People are inherently creative. 

When it comes to creative thinking, it’s safe to say that at one time we have all been guilty of expressing our ideas before they were ready for prime-time at some point. Often when new ideas are being formed the words that come out of our mouths have only a passing resemblance to the brilliant little lights of genius that we originally had in our heads.
Talking about the as-yet unformed little kernels of creative genius too early has a damaging effect because forcing the unshaped into shapes (pushing meanings into words) before they have matured has an unfortunate tendency to cut off significant chunks of wisdom.

A small piece of genius badly expressed runs the risk of being considered dismissible at best, at worst dismissive of the creative thinker.

Take a second and think of a time when you had a fantastic idea – one so good that your brain was racing just trying to keep up. If you excitedly began to talk about the idea too soon, somehow you didn’t get it right didn’t you? For some weird reason it didn’t sound so intelligent coming out of your mouth. Frustrated, you tried to explain it another way but somehow that didn’t work either.

In fact the more you talked the more you lost the thread of what you were saying…it’s as if the words you were speaking somehow took you further away from what you were trying to say. But you KNEW it was a stroke of genius when it was in your brain before you tried to describe it…didn’t you?

So was it a totally dumb idea disguised as a stroke of genius, or was it a stroke of genius that got dumber as you tried to explain it?

If you’re like many people, after having the experience of explaining an idea badly, and then losing the essence of the first thought, you would probably come to believe that it wasn’t all that brilliant to begin with. You’d rationalize that talking about it revealed the obvious flaws and you might have been embarrassed how stupid the idea was in the first place, and relieved you found out how dumb it was before investing money!

In the end you rationalized that what really happened was that the process of stuffing the idea into a bunch of words turned what you thought was genius into the obviously dumb idea it had been all along.

What if in fact the idea was brilliant and had been from the beginning? What if it was actually a stroke of genius but the real problem had been the attempt to define and express it before it was ready to be expressed and translated to the world of the five senses?

What if the exercise of taking a brilliant (but unprocessed) piece of thought and talking about it too early drained it of meaning…or distorted it so much the original kernel of genius was obscured and lost.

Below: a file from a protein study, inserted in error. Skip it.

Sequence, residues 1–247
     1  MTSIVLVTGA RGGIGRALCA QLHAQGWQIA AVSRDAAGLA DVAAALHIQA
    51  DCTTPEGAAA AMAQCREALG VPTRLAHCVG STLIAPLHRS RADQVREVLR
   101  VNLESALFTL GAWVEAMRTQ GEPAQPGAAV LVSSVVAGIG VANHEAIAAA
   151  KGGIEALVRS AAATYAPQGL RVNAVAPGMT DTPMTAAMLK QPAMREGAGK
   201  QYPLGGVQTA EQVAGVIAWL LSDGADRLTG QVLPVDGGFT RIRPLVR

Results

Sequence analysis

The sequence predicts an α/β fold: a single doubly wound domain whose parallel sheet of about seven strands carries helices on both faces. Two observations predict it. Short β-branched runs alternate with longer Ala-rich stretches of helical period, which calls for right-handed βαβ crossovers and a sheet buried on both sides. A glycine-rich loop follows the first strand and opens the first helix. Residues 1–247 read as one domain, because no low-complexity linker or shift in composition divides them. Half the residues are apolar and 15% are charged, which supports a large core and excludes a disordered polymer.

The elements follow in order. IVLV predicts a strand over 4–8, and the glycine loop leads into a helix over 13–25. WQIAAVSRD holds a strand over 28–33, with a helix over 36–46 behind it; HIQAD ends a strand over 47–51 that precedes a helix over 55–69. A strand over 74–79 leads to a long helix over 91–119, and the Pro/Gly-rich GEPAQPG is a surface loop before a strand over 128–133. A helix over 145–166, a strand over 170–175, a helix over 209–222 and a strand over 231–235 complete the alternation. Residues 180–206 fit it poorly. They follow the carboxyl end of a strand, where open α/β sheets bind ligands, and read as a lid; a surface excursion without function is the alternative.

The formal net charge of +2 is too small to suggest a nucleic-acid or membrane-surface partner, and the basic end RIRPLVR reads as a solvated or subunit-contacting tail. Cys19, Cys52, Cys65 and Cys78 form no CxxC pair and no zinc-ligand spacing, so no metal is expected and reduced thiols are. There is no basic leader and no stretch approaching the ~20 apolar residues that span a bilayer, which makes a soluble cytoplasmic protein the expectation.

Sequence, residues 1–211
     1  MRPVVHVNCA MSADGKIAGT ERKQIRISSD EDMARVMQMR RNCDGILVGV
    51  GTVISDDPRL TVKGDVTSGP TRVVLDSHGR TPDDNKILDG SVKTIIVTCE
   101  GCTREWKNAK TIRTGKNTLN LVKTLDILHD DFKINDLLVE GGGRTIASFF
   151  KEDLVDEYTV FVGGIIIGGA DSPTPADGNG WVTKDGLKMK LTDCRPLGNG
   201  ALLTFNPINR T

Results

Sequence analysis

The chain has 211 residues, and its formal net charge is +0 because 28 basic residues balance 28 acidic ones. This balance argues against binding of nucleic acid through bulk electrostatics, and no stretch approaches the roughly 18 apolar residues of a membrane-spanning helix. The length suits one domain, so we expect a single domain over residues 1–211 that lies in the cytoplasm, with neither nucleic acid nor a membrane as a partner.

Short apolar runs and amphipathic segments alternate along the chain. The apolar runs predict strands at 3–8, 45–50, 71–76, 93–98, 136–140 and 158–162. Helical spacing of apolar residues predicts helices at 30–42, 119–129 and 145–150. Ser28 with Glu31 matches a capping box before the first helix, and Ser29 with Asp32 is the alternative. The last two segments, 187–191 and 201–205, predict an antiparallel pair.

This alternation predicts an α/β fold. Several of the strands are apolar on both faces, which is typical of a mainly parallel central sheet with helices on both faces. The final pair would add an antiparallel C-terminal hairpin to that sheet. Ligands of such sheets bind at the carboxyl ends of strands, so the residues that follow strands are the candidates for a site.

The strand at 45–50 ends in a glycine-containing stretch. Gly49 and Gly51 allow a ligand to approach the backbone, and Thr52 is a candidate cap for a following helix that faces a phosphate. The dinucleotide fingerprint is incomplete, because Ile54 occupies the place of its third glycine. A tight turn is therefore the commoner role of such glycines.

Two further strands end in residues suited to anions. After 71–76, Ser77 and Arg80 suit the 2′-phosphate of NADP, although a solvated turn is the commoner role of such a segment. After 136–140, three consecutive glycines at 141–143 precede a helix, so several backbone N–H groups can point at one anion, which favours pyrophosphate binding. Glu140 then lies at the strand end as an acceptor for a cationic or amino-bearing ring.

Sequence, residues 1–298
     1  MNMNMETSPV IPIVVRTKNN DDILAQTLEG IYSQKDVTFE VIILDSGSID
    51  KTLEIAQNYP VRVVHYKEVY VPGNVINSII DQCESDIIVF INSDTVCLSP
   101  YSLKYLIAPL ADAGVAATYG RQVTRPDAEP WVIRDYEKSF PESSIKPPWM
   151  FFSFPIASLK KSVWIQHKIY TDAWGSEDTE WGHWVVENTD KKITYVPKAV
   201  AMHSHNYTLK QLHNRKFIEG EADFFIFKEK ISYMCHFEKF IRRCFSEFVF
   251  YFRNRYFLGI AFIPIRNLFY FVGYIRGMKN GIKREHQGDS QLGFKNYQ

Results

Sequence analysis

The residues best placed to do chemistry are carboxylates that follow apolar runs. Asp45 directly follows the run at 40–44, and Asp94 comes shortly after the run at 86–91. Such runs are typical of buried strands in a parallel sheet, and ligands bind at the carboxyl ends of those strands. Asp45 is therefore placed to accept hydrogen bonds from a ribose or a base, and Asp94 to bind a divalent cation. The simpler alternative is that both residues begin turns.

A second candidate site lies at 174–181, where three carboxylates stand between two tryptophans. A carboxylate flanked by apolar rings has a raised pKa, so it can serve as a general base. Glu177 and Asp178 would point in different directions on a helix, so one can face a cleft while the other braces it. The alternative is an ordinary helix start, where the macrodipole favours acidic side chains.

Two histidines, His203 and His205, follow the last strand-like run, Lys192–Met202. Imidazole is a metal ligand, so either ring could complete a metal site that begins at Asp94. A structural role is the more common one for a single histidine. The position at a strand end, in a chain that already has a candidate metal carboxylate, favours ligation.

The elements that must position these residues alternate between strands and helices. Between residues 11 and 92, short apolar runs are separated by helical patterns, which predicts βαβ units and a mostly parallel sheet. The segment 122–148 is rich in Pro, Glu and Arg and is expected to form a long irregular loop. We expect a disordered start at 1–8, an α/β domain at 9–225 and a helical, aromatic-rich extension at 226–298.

Okay so how does that happen? How can the process of communication actually distort the meaning of what it is we’re trying to say?

Words and Meaning

First off there is a huge distinction between the words we use and the underlying meaning we want to communicate.

Think for a second about how words tend to be fairly rigid containers of meaning. Words mean what they mean, but that meaning doesn’t expand far beyond the boundary of their meaning. Dogs are dogs and horses are horses.

Now think about meaning beyond words. If you think of meaning as a liquid that is poured over words streaming out of our mouths in a chain of sentences, you can imagine that when the meaning is much richer than the current vocabulary, bits of the meaning are necessarily deleted, distorted or generalized to accommodate the word flow.

So until an idea is fully formed and well-understood, the words chosen to convey it run the risk of being imprecise enough to literally destroy the tiny kernels of genius that the idea represented.

So next time you have a fantastic idea, follow these simple guidelines designed to protect your creative genius.

  • No matter when the idea arrives, take a minute or two and scribble down the broadest outline, keeping it very general.
  • Go back to what you were doing immediately – sleeping, cycling, walking whatever. Immediately continue the previous activity .
  • Get out of your own way. Think of ANYTHING else. By preserving the core of the idea on paper, trust that it is protected. By shifting your attention to something mundane, you are allowing the internal process of genius to continue without interference.

Trust your subconscious’ ability to continue the job it started – developing the brilliant thought it came up with in the first place. You’ll be glad you did!

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